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Choosing Constraint Coefficients

Providing an understandable way to adjust the objective function is essential to finding good coefficients and is key to its usability. In the HMS assignment system, four rules, like this, are required to put students of nearer ages together:

18 years +/- 1 year    64
(not empty(applicant.birthdate) and not empty(occupant.birthdate))
and between((date()-applicant.birthdate),6205,6934) and 

Such rules, though relatively general, are hard to understand and modify. In the DAO, by contrast, the same constraint is expressed as two configuration parameters:


Seniority vs Smoking Question
A student with seven semesters seniority did not get into any of his requested halls because his smoking status caused too many red flags to go up! Ranville was able to lower the smoking error enough to get him into a single room in his first choice non-smoking dorm (with the understanding he would not be able to smoke in his room), without causing havoc among the other less senior smokers.

For the most part, at a constant temperature, larger coefficients create a more rugged landscape, while smaller ones make a more even terrain. The smaller coefficients become more important as the temperature is lowered. Except for dorm and roommate preferences, the rules apply evenly among all the residents. Mixed weighted and unweighted constraints complicate the job of balancing the values chosen, but serves to express the seniority and reservation order advantages.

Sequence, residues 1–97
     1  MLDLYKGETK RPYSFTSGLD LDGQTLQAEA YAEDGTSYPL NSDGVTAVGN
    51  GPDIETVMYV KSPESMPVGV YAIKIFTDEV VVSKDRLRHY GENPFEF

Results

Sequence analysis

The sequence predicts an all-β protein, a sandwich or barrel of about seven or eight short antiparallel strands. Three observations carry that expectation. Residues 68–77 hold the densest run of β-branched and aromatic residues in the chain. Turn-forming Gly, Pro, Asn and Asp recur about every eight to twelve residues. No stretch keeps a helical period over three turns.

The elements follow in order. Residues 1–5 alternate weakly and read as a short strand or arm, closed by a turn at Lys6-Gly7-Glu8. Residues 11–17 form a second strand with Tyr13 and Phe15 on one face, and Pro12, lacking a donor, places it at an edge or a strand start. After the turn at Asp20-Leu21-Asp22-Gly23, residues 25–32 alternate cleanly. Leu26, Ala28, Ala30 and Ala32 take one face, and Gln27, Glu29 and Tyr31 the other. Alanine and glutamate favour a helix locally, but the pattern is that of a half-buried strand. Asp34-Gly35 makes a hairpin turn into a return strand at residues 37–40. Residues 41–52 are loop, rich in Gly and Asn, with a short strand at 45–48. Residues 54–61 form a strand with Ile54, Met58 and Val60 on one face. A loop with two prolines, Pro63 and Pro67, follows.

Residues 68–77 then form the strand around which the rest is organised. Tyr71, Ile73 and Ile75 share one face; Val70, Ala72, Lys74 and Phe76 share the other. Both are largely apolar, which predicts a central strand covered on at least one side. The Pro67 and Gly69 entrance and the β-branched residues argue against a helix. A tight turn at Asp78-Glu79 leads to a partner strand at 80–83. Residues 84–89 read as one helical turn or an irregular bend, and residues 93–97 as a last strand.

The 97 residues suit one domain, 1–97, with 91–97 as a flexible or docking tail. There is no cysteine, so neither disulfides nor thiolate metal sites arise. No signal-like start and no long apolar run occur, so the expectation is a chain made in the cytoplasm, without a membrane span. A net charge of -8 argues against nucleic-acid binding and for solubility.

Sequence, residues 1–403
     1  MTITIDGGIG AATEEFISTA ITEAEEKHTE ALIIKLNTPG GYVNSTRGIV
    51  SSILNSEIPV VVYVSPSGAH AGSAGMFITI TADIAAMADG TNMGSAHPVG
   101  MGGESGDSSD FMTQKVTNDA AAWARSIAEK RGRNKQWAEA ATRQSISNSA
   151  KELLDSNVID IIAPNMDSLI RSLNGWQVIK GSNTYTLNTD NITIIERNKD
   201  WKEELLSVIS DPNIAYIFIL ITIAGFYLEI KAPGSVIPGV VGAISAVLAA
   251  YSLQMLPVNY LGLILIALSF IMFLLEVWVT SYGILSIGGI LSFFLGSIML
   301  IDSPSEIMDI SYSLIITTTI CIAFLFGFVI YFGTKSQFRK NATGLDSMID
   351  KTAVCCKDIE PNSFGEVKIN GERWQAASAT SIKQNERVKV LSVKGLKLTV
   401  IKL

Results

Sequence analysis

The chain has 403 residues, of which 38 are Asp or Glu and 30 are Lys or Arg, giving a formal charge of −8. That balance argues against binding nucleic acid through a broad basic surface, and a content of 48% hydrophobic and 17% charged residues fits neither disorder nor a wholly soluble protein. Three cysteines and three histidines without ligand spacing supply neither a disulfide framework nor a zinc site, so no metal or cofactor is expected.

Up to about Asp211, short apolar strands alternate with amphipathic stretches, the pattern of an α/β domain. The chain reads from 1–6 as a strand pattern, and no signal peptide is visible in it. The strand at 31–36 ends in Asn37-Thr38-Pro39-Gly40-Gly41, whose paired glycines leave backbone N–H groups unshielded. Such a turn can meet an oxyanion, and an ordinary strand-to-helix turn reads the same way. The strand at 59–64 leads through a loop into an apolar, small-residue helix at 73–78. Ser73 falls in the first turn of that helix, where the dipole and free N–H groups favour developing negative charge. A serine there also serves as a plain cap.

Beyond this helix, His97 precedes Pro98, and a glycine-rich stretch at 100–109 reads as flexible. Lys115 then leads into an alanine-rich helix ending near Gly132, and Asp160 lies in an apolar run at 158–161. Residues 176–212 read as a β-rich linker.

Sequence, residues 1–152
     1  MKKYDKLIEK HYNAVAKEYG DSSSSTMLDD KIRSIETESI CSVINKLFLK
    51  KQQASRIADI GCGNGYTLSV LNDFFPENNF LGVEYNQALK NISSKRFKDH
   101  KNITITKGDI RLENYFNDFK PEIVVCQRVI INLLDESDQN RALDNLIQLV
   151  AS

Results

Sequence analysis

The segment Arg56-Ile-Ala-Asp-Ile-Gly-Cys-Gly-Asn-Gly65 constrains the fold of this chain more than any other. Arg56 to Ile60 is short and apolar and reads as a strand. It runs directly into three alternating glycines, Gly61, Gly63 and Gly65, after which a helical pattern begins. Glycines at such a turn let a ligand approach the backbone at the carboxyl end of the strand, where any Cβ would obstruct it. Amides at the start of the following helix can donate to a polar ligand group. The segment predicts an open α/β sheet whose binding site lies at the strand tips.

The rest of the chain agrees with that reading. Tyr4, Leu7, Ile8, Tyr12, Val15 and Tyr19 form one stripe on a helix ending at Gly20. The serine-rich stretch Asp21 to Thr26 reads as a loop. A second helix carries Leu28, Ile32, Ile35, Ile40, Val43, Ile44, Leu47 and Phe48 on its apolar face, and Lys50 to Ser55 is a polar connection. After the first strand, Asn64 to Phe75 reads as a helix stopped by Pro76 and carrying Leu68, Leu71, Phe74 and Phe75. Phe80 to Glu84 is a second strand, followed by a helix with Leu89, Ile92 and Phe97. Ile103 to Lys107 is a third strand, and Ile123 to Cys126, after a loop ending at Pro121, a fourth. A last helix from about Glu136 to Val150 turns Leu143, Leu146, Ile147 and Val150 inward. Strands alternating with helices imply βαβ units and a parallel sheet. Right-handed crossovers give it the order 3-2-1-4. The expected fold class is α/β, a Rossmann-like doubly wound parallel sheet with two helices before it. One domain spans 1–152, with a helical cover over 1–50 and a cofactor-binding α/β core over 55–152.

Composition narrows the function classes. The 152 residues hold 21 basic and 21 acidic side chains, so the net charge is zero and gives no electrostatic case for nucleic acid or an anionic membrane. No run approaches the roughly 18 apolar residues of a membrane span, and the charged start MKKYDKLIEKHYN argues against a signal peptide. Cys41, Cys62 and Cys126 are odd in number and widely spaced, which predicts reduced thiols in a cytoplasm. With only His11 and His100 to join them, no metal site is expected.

Mystery Unraveled
A student requesting a single room was assigned a single room in a hall they didn't want, instead of a double room in their third choice hall, even though some lower priority students did get in. Other similar cases were found. Trying the obvious fix -- increasing the third choice hall error -- still left some students misplaced.

Further investigation uncovered the real explanation: The DAO was constrained because those lower ranked students' other hall choices were already filled, except for special living option rooms.

Summary reports generated by the DAO revealed that many of those special living option rooms were ultimately left vacant. When Ranville removed the excess special living designations and reran the DAO, the problem was solved.

More quickly than ever before, Housing can generate a complete set of reports to describe the current state of the HMS database. The ten DAO reports provide clues for adjusting constraint coefficients and improving assignments. Dorm_View allows the user to further refine the reports by hall, and visualize problem areas.

next up previous contents
Next: Between Two Systems Up: The Artifact Previous: The Artifact   Contents
elena s ackley 2002-01-20
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